It is sad to read in the news about Lynn Gilderdale's diary, but sadder still to know that so many people suffer oblivious to what has caused their suffering.
One of my aims with this blog is to get the message out that many patients like myself could have an underlying infectious cause to their ME/CFS . The news about XMRV retrovirus is amazing and of significance but in my case like many more my ME/CFS was found to be Lyme Disease and on long term antibiotics I have recovered 100%.
I am so disappointed that our Health Protection Agency does not do more to raise awareness of Lyme Disease in the UK. In a recent article written by Dr Sue O'Connell and published last year she says:- Prevention measures focus on tick and disease awareness, avoidance of tick-infested areas where possible, use of insect repellents, frequent skin inspections for attached ticks, particularly at the end of the day, as early removal minimizes the risk of infection transmission. Yet when my MP Anne Milton wrote to the Health Secretary asking about raising awareness, the reply was that the HPA had updated their website with information.
What we need is public awareness especially in areas where we walk but other than a very few areas there is hardly any public awareness.
If we do not know we can catch Lyme disease in the UK from a tick bite why in blazes would we even think to look at HPA website. Not even our doctors are properly aware, even when presented with tick bites, bulls eye rashes, summer flu' and migrating arthralgias.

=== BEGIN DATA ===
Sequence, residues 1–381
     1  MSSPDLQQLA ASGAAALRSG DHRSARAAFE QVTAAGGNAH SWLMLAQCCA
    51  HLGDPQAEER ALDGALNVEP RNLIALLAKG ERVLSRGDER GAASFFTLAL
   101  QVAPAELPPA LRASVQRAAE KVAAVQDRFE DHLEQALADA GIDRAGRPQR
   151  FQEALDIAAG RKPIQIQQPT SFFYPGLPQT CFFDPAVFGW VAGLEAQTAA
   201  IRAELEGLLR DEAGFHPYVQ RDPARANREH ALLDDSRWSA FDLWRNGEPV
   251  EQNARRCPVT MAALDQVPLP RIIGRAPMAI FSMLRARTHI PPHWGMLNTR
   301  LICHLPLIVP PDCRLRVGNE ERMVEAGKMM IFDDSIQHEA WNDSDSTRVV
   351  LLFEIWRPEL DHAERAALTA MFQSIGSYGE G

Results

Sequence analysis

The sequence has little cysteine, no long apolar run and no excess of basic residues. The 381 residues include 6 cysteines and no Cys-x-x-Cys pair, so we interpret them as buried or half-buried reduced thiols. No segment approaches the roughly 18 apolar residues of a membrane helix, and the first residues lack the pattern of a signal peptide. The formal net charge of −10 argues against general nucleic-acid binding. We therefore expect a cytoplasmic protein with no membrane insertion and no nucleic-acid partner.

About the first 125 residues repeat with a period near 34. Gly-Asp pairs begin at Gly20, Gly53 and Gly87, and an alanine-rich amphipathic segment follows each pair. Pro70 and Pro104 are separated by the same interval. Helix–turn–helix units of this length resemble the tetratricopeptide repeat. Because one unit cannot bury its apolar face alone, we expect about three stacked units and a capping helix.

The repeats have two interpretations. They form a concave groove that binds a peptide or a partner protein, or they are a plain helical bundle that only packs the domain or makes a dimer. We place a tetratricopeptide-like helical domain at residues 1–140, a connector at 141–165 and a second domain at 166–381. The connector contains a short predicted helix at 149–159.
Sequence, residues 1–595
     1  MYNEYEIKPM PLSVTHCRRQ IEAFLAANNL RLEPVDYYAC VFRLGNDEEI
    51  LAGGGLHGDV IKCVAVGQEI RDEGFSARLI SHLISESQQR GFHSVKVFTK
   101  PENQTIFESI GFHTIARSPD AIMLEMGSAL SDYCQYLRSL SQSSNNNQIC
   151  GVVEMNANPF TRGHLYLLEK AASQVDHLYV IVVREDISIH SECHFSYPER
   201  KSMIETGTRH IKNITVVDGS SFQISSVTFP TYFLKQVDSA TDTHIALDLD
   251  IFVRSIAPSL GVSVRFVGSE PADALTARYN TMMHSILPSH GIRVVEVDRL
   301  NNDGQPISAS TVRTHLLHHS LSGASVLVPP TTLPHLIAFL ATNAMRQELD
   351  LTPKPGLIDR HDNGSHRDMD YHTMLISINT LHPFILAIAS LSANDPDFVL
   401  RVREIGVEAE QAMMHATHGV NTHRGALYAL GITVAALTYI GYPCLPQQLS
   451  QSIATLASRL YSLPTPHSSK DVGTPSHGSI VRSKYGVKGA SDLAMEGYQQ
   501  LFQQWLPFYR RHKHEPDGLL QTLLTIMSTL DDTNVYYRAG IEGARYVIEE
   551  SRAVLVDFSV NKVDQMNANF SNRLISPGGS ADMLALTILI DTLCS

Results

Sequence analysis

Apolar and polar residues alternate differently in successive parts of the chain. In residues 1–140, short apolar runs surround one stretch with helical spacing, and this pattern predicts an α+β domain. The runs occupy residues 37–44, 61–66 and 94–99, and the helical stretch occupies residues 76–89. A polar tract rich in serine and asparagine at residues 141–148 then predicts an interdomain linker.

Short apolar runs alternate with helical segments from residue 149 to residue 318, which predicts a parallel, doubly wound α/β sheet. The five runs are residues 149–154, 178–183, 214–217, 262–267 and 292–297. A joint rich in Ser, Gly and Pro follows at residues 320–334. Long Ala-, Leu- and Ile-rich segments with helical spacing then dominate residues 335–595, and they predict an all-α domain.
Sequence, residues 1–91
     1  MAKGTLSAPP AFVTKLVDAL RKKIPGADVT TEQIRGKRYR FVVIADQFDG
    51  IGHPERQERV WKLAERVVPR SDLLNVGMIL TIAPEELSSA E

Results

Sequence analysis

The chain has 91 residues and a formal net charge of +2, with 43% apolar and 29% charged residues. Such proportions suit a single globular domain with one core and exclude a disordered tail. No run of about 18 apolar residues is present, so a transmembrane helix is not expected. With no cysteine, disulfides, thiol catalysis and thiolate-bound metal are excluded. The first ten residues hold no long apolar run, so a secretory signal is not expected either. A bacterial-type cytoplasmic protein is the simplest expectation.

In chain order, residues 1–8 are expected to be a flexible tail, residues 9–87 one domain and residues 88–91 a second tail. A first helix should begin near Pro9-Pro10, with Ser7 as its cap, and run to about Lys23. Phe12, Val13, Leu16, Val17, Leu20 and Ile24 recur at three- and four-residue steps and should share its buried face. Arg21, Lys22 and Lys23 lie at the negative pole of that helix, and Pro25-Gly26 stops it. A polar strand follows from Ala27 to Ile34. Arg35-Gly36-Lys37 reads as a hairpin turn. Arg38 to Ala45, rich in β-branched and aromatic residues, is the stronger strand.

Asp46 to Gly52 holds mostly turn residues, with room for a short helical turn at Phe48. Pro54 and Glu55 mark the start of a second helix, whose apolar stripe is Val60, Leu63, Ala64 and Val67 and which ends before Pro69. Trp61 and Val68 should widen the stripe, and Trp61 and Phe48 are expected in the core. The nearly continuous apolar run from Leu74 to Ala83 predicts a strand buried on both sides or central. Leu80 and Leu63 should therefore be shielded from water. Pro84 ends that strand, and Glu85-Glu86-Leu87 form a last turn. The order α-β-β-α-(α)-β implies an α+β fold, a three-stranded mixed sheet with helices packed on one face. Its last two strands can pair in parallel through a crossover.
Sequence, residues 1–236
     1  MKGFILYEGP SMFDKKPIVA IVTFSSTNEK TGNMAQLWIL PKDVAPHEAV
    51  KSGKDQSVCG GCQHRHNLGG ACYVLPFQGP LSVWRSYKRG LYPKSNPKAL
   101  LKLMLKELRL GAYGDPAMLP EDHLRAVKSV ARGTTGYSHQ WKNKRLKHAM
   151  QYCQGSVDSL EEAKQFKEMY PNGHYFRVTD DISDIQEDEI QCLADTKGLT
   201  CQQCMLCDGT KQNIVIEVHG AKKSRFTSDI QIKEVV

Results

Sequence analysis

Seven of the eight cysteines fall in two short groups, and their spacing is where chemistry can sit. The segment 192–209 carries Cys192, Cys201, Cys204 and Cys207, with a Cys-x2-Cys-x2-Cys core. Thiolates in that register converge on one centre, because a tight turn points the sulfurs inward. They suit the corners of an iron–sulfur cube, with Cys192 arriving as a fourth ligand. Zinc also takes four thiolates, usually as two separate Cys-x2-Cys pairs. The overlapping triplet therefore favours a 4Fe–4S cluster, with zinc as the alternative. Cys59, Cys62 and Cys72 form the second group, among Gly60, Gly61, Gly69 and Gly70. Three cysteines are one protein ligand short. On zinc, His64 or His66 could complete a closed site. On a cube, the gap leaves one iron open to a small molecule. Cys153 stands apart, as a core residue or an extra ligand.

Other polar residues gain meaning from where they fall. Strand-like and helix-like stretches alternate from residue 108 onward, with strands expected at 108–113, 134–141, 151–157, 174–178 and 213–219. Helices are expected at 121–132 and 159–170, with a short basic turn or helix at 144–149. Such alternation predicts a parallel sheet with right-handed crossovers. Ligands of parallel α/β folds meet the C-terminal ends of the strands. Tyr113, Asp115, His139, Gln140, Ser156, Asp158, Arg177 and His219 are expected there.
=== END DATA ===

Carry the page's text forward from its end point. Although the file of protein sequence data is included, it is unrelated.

I thought the following interesting it was quoted in the Sperling research article which I posted about recently but which also came up on the Calda blog http://www.lymedise ase.org/news/ lymepolicywonk/ 327.html
http://www.publiche althjrnl. com/article/ S0033-3506(03)00067-2/ abstractVolume 117, Issue 4, Pages 264-273 (July 2003)
Lyme disease—what is the cost for Scotland?A.W.L. Jossa, M.M. Davidsona, D.O. Ho-Yena, A. Ludbrookb Received 28 January 2002; received in revised form 29 August 2002; accepted 9 September 2002.
Abstract This paper analyses likely Lyme disease costs incurred by patients tested in the authors' laboratory over an 18 month period, based on patient histories and test results relating to 2110 samples submitted from laboratories serving 59% of the Scottish population. Cost analysis takes account of the direct costs of consultation, laboratory tests, antibiotic treatment and management of any sequelae, as well as indirect costs of the loss of healthy time through illness. Standard costs for each element are derived from published information, and the proportions applied to each patient category are estimated from studies described elsewhere in the literature. Of the sample, 295 patients had evidence of early Lyme disease and 31 had late Lyme disease symptoms. Based on these figures, the total annual cost for Lyme disease, when projected to the whole of Scotland, is estimated to be significant at £331,000 (range £47,000–615,000). The range is inevitably wide because it was not possible to document complete clinical and management histories on individual patients. In addition, some late Lyme disease sequelae will require management for more than 1 year, and costs are also identified that could justifiably be included for all the other patients who tested negative for Lyme disease. These data raise the question of whether there is sufficient focus on prevention and the best management of this disease.